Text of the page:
SUPREME COURT OF THE STATE OF NEW YORK Appellate Division, Fourth Judicial Department
September 28, 2012
IN THE MATTER OF SAMAJ B.
MONROE COUNTY DEPARTMENT OF HUMAN SERVICES,
PETITIONER-RESPONDENT; AND TOWANDA H.-B., RESPONDENT-APPELLANT, AND WADE B.,
Appeal from an order of the Family Court, Monroe County (Gail A. Donofrio, J.), entered June 30, 2011 in a proceeding pursuant to Family Court Act article 10.
Matter of Matter of Samaj B. (Towanda H.-B.--Wade B.)
Appellate Division, Fourth Department
Published by New York State Law Reporting Bureau pursuant to Judiciary Law § 431.
This opinion is uncorrected and subject to revision before publication in the Official Reports.
Decided on September 28, 2012
PRESENT: SCUDDER, P.J., SMITH, FAHEY, LINDLEY, AND MARTOCHE, JJ.
The order, among other things, adjudged that respondent Towanda H.-B. had neglected the subject child.
It is hereby ORDERED that the order so appealed from is unanimously affirmed without costs.
Memorandum: Respondent mother appeals from an order adjudging her child to be neglected. We reject the mother's contention that petitioner failed to prove by a preponderance of the evidence that the subject child was neglected. Pursuant to Family Court Act § 1046 (a) (iii), "proof that a person repeatedly misuses a drug or drugs or alcoholic beverages, to the extent that it has or would ordinarily have the effect of producing in the user thereof a substantial state of stupor, unconsciousness, intoxication, hallucination, disorientation, or incompetence, or a substantial impairment of judgment, or a substantial manifestation of irrationality, shall be prima facie evidence that a child of or who is the legal responsibility of such person is a neglected child except that such drug or alcoholic beverage misuse shall not be prima facie evidence of neglect when such person is voluntarily and regularly participating in a recognized rehabilitative program." Thus, "neglect may in some circumstances be presumed if the parent chronically and persistently misuses alcohol and drugs which, in turn, substantially impairs his or her judgment while [the] child is entrusted to his or her care" (Matter of Chassidy CC. [Andrew CC.], 84 AD3d 1448, 1449; see Matter of Arthur S. [Rose S.], 68 AD3d 1123, 1123-1124). "In other words, [t]he presumption contained in Family [Court] Act § 1046 (a) (iii) operates to eliminate a requirement of specific parental conduct vis-a-vis the child and neither actual impairment nor specific risk of impairment need be established' " (Matter of Paolo W., 56 AD3d 966, 967, lv dismissed 12 NY3d 747).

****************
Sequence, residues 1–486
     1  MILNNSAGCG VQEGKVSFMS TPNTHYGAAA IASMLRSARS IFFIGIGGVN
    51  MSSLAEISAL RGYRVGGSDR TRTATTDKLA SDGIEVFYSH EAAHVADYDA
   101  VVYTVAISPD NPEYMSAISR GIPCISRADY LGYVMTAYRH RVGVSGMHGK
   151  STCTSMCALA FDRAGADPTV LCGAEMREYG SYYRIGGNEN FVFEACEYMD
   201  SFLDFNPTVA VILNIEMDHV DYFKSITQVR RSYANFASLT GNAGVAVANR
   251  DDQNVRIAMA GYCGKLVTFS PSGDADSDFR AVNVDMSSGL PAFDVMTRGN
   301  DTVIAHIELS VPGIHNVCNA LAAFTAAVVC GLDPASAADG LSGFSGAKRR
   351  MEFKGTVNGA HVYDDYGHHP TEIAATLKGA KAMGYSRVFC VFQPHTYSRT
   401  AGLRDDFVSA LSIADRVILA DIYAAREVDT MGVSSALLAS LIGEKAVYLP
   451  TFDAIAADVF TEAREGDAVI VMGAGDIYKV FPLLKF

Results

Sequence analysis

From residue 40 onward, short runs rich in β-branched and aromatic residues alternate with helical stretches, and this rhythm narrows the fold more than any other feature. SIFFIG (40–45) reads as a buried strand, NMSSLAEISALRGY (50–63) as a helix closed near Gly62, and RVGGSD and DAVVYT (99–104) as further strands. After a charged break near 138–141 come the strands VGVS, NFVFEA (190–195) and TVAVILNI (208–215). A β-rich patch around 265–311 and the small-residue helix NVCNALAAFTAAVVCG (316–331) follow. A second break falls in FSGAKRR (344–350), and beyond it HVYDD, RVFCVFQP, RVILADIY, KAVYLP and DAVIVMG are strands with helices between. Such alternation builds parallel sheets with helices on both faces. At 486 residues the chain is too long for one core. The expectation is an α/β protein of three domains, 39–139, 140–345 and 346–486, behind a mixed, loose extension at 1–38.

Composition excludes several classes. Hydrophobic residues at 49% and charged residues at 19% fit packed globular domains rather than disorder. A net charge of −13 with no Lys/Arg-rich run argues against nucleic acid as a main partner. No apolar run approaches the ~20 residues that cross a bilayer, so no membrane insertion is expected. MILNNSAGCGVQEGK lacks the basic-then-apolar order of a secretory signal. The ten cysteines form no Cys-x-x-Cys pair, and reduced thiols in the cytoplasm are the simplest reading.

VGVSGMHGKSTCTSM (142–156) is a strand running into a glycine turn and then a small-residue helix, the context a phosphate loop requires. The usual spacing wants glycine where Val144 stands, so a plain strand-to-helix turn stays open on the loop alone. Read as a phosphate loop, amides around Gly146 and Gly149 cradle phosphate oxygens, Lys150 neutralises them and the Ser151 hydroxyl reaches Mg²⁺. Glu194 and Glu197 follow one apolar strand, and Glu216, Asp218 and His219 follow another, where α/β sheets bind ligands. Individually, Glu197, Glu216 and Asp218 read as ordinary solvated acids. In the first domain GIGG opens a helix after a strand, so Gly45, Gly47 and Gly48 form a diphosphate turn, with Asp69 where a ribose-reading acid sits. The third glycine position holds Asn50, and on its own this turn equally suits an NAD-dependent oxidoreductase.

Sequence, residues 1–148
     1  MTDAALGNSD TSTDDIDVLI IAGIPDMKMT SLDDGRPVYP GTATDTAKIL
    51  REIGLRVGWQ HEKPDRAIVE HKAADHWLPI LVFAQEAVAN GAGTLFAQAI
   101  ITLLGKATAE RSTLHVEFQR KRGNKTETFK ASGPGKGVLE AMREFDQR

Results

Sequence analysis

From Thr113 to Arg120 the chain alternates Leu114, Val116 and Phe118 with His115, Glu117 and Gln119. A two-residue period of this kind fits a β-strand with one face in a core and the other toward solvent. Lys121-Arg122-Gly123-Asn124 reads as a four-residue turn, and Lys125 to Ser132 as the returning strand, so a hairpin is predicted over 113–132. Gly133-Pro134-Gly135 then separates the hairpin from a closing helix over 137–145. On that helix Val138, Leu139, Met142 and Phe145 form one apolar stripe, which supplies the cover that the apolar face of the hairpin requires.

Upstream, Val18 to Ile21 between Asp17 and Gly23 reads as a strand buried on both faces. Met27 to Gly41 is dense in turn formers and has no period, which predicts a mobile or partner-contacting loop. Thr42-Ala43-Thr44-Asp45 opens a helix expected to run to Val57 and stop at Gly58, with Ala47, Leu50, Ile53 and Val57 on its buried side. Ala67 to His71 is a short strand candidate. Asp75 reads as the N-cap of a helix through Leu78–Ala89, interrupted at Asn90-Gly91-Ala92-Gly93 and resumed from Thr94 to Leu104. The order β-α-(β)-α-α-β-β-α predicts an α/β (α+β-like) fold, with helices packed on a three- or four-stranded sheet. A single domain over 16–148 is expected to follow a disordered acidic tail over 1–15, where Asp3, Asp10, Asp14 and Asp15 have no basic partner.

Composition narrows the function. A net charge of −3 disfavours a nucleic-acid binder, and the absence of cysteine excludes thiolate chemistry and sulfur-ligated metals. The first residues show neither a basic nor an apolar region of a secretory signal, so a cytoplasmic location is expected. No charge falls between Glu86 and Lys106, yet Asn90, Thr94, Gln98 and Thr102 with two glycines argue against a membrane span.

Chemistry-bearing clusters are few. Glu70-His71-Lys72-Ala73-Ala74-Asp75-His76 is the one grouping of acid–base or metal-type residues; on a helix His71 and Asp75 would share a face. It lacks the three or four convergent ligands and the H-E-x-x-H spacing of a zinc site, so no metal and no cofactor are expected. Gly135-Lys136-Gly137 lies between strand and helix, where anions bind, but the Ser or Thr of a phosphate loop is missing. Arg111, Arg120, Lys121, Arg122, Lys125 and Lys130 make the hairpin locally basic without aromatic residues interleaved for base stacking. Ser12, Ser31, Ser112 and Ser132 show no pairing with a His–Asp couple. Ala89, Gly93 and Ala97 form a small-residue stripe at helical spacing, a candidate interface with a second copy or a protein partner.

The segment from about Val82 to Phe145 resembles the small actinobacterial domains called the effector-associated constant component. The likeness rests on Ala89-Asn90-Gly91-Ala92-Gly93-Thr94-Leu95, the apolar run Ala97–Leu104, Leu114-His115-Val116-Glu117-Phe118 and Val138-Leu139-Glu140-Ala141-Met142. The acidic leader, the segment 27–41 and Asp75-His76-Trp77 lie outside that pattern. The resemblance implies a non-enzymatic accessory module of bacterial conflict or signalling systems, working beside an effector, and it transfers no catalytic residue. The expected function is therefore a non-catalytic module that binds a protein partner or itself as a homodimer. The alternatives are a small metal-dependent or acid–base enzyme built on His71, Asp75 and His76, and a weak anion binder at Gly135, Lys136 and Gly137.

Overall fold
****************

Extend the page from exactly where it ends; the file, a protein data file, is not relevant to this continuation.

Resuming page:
Here, petitioner met its burden of proof by establishing that the mother admittedly used the drug Suboxone on numerous occasions; that she purchased the drug on the street whenever she was able; and that she was prostituting herself in order to obtain money to purchase the drug. Additionally, the mother failed to rebut the presumption created by Family Court Act § 1046 (a) (iii). Although the mother contends that petitioner failed to establish that Suboxone is a "drug" within the meaning of section 1012 (d), "[t]hat contention . . . is not preserved for our review inasmuch as the [mother] failed to move to dismiss the petition on that ground" (Matter of Lydia C. [Albert C.], 89 AD3d 1434, 1435-1436).
Based on our determination, we see no need to address the mother's remaining challenges to the sufficiency of petitioner's proof. We reject the mother's final contention that Family Court erred by admitting in evidence an intake report filed with the Office of Children and Family Services. That report was admissible pursuant to Family Court Act § 1046 (a) (v) inasmuch as the person making the report was a police officer, who is a mandated reporter under Social Services Law § 413 (1) (a) (see Matter of Lauryn H. [William A.], 73 AD3d 1175, 1177; Matter of Michael G., 300 AD2d 1144, 1145; Matter of Shawn P., 266 AD2d 907, 908, lv denied 94 NY2d 760). Entered: September 28, 2012 Frances E. Cafarell Clerk of the Court
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